Articles | Volume 16, issue 4
Research article
29 Feb 2016
Research article |  | 29 Feb 2016

Improved simulation of tropospheric ozone by a global-multi-regional two-way coupling model system

Yingying Yan, Jintai Lin, Jinxuan Chen, and Lu Hu

Abstract. Small-scale nonlinear chemical and physical processes over pollution source regions affect the tropospheric ozone (O3), but these processes are not captured by current global chemical transport models (CTMs) and chemistry–climate models that are limited by coarse horizontal resolutions (100–500 km, typically 200 km). These models tend to contain large (and mostly positive) tropospheric O3 biases in the Northern Hemisphere. Here we use the recently built two-way coupling system of the GEOS-Chem CTM to simulate the regional and global tropospheric O3 in 2009. The system couples the global model (at 2.5° long.  ×  2° lat.) and its three nested models (at 0.667° long.  ×  0.5° lat.) covering Asia, North America and Europe, respectively. Specifically, the nested models take lateral boundary conditions (LBCs) from the global model, better capture small-scale processes and feed back to modify the global model simulation within the nested domains, with a subsequent effect on their LBCs.

Compared to the global model alone, the two-way coupled system better simulates the tropospheric O3 both within and outside the nested domains, as found by evaluation against a suite of ground (1420 sites from the World Data Centre for Greenhouse Gases (WDCGG), the United States National Oceanic and Atmospheric Administration (NOAA) Earth System Research Laboratory Global Monitoring Division (GMD), the Chemical Coordination Centre of European Monitoring and Evaluation Programme (EMEP), and the United States Environmental Protection Agency Air Quality System (AQS)), aircraft (the High-performance Instrumented Airborne Platform for Environmental Research (HIAPER) Pole-to-Pole Observations (HIPPO) and Measurement of Ozone and Water Vapor by Airbus In- Service Aircraft (MOZAIC)) and satellite measurements (two Ozone Monitoring Instrument (OMI) products). The two-way coupled simulation enhances the correlation in day-to-day variation of afternoon mean surface O3 with the ground measurements from 0.53 to 0.68, and it reduces the mean model bias from 10.8 to 6.7 ppb. Regionally, the coupled system reduces the bias by 4.6 ppb over Europe, 3.9 ppb over North America and 3.1 ppb over other regions. The two-way coupling brings O3 vertical profiles much closer to the HIPPO (for remote areas) and MOZAIC (for polluted regions) data, reducing the tropospheric (0–9 km) mean bias by 3–10 ppb at most MOZAIC sites and by 5.3 ppb for HIPPO profiles. The two-way coupled simulation also reduces the global tropospheric column ozone by 3.0 DU (9.5 %, annual mean), bringing them closer to the OMI data in all seasons. Additionally, the two-way coupled simulation also reduces the global tropospheric mean hydroxyl radical by 5 % with improved estimates of methyl chloroform and methane lifetimes. Simulation improvements are more significant in the Northern Hemisphere, and are mainly driven by improved representation of spatial inhomogeneity in chemistry/emissions.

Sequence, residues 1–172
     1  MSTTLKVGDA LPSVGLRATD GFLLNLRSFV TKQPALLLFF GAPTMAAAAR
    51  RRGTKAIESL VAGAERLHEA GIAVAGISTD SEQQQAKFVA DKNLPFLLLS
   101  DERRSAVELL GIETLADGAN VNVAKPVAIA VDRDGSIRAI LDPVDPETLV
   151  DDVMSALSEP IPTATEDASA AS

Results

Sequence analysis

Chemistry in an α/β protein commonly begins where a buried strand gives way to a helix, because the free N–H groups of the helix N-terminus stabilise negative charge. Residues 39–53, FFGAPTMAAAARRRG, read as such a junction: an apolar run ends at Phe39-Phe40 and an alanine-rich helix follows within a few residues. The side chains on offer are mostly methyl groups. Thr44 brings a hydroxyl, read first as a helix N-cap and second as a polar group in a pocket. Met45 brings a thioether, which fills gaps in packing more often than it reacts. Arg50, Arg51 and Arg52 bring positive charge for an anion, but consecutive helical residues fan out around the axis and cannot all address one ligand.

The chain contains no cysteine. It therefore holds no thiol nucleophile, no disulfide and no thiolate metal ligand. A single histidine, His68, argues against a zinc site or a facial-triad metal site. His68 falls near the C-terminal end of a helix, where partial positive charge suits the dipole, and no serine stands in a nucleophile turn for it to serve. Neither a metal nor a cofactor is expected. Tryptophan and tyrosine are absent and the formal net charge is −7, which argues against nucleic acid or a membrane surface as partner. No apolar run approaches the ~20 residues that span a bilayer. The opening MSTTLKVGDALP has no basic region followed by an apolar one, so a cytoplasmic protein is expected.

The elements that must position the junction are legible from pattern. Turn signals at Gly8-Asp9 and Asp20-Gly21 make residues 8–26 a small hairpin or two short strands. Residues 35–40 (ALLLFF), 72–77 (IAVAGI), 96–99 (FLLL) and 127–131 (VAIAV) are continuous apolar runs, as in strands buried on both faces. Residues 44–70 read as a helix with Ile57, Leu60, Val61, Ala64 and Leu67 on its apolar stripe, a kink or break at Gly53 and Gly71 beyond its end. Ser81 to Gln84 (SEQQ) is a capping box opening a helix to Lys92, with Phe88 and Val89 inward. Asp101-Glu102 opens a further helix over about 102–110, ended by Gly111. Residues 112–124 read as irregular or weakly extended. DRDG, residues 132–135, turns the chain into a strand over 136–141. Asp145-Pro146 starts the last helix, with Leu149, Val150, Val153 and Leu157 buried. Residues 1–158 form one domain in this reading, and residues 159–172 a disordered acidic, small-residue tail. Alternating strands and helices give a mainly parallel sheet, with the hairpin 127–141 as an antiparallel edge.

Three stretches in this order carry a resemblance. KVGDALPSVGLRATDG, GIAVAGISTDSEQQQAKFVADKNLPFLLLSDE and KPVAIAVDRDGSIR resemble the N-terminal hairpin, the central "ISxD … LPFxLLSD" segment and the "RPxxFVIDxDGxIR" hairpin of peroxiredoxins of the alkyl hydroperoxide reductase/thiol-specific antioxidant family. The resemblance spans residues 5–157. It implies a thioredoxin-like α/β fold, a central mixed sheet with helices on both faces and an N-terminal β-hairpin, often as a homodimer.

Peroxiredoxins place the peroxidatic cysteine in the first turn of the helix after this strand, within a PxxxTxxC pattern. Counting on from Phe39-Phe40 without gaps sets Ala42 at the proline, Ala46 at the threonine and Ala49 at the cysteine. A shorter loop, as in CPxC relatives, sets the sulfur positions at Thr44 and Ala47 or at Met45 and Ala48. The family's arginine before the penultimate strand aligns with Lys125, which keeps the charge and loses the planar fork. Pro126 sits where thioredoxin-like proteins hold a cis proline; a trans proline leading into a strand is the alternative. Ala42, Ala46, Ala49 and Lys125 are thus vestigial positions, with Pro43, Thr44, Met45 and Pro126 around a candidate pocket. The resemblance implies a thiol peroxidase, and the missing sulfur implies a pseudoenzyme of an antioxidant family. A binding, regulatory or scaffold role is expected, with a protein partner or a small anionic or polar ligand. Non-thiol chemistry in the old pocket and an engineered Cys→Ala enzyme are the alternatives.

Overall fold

Within the nested domains, the two-way coupled simulation reduces surface ozone biases relative to typical GEOS-Chem one-way nested simulations, due to much improved LBCs. The bias reduction is 1–7 times the bias reduction from the global to the one-way nested simulation. Improving model representations of small-scale processes is important for understanding the global and regional tropospheric chemistry.

Short summary
We use a newly built two-way coupling system of the GEOS-Chem CTM to simulate the global tropospheric O3 in 2009. It significantly improves the simulation upon the global model by comparisons with a suite of ground, aircraft, and satellite measurements, also reduces the global OH by 5 % with enhancements by 5 % in the lifetimes of MCF and methane. Therefore, improving model representations of small-scale processes is a critical step forward to understanding the global tropospheric chemistry.
Final-revised paper